Sunshine State scams

A spate of Sunshine Coast rental scams that have emerged this past week highlight the ever-constant threat of cybercrime.

Code Property Group has reported a string of cases where hackers pose as real estate agents to collect bond payments from tenants in an emotionally fragile state as they hunt a property within Queensland's incredibly tight rental market.

The scheme sees hackers pretend to be local real estate agents, weaving an intricate web of lies to gain trust and ultimately financial remuneration by deceiving potential tenants to part way with bond money for a property they will never reside in.

They are initiated by tenants being contacted via email asking if they are in a property that the scammer is "renting out”. From the initial contact, and dependent on the tenant’s reply, the hacker will investigate the areas the victim is interested in moving to, before utilising a simple Google search to bring up properties and the respective agents in these desired areas, which becomes the foundation of the scam.

As part of the scam, the tenant receives communication from a "trusted” real estate agent who even sends through fake rental contracts — with the company logo — which boosts the credibility of the scheme.

As part of developing defences against such scams, Code Property Group has provided its top tips for cyber safety and rental property applications, which are:

  1. Always check that communication coming from an agent’s email address correctly matches their name and website listing.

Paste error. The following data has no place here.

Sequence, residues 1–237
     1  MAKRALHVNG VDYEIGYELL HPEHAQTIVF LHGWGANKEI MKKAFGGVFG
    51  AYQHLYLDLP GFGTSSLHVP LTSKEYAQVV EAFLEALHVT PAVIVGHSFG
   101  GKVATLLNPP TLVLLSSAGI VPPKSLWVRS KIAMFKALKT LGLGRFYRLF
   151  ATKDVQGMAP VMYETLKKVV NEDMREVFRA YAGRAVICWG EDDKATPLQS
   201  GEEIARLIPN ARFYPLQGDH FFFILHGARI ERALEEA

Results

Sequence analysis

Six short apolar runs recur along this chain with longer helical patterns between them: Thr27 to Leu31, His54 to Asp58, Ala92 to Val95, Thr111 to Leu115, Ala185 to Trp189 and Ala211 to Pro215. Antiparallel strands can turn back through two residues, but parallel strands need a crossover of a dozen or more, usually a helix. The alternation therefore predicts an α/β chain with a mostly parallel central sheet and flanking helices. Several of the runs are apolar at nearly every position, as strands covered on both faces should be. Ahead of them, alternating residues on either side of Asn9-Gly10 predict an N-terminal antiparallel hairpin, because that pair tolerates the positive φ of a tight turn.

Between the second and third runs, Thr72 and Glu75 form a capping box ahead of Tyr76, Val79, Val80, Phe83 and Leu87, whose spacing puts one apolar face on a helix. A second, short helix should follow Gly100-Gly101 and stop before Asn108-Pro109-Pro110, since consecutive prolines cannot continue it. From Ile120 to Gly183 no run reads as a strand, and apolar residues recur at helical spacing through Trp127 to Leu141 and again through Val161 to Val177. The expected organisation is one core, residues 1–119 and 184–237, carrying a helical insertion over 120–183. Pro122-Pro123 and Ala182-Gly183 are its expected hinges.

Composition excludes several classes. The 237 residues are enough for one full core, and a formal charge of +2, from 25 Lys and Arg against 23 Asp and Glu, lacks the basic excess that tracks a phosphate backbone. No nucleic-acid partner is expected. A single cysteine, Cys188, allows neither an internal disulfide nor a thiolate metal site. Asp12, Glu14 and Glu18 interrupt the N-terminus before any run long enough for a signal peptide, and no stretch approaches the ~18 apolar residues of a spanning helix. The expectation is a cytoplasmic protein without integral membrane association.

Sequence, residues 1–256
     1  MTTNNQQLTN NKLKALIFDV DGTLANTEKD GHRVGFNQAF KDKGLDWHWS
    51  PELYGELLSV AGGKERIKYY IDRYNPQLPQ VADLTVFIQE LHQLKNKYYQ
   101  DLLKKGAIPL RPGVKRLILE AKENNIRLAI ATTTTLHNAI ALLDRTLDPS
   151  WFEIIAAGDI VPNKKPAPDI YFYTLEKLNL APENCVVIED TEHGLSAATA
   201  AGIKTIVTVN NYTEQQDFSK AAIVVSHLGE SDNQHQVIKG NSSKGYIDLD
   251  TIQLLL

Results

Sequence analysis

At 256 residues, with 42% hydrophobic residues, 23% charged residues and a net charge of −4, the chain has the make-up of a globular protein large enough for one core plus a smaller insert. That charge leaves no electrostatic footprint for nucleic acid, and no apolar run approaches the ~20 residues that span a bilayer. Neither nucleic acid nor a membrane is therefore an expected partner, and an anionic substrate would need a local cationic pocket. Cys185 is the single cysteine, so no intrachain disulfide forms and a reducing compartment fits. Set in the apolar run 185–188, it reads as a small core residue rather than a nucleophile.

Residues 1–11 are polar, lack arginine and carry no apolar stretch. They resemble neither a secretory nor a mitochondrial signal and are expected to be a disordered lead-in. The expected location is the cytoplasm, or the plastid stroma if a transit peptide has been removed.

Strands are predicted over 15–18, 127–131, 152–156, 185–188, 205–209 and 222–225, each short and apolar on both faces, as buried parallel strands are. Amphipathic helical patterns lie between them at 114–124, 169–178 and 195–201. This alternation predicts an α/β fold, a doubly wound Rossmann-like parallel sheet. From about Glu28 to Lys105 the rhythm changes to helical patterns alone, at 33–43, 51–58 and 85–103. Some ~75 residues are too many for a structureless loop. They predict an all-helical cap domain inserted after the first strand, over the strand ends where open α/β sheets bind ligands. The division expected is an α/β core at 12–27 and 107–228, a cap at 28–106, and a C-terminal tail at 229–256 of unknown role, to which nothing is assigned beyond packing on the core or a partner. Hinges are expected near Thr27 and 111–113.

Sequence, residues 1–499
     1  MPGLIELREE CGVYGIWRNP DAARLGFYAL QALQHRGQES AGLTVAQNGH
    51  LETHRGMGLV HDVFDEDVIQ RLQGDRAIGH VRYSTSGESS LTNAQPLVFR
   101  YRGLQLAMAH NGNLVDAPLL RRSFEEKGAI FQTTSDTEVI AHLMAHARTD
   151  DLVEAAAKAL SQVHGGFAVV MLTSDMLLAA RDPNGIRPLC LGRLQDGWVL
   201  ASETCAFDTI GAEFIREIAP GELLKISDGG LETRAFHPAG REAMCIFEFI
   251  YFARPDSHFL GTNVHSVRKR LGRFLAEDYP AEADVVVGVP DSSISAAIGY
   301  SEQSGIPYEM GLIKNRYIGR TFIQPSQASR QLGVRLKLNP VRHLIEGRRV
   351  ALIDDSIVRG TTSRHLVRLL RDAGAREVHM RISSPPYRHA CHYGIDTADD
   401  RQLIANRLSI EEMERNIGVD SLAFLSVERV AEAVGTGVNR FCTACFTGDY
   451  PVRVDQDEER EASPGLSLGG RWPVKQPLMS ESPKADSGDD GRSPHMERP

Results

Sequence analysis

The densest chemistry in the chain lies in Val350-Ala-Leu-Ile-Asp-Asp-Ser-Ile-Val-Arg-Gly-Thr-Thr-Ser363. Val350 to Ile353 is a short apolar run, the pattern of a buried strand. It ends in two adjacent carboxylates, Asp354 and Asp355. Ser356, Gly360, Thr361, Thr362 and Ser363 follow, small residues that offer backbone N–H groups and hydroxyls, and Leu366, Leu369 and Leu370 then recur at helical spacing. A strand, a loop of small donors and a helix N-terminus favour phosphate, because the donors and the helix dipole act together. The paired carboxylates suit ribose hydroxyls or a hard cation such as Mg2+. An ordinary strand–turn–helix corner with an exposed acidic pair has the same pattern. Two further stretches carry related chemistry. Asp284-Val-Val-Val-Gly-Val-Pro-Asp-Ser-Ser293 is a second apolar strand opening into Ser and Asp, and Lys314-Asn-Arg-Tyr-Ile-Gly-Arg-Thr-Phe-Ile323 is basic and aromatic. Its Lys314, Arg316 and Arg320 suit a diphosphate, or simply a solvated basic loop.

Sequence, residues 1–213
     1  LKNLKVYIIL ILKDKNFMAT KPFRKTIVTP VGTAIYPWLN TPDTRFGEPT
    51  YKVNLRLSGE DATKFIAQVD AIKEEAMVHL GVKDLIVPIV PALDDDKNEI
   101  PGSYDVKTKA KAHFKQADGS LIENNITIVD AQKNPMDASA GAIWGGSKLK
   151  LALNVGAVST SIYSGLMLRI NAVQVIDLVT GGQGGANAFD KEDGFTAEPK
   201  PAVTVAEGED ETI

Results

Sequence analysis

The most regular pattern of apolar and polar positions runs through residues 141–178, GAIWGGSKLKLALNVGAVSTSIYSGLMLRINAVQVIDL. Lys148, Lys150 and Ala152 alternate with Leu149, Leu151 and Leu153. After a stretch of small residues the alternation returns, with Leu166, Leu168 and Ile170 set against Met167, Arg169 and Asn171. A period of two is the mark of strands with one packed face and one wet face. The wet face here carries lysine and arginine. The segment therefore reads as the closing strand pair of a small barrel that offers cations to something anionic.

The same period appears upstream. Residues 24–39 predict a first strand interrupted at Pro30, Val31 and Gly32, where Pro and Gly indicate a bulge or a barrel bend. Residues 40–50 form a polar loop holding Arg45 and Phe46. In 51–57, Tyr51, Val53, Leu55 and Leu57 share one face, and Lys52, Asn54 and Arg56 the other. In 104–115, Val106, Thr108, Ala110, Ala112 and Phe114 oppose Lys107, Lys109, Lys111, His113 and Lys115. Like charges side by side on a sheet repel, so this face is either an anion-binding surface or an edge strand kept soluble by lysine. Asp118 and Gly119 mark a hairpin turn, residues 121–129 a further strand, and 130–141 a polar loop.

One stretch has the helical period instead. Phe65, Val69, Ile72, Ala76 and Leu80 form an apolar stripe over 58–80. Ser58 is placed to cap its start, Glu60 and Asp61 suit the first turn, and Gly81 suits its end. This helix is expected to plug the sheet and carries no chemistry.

2. Never transfer money into an unfamiliar bank account — real estate agencies often have a trust account that includes the agency name, not an individual person’s account.
  3. Agents often call successful applicants to congratulate them and clarify details; wait for this verbal agreement for a tenancy agreement.
  4. Contact agents directly if you are interested in a property. Most agents have their phone numbers and email displayed next to their listed property.

Scams cost Australians over $300 million in 2021, which looks likely to increase with the first quarter of 2022 resulting in Australians losing $72 million to scams, a $10 million rise from the same period last year.

Code Property Group concluded that it is paramount that applicants hunting tenancies remain vigilant when disclosing their personal information online, with victims encouraged to report their crime via scamwatch.gov.au.

Also look at reports of scams in Western Australia, you can read more here: Scammers pirating legitimate rental home ads for fraudulent listings.

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Jason Gwerder
Wednesday, 14 September 2022

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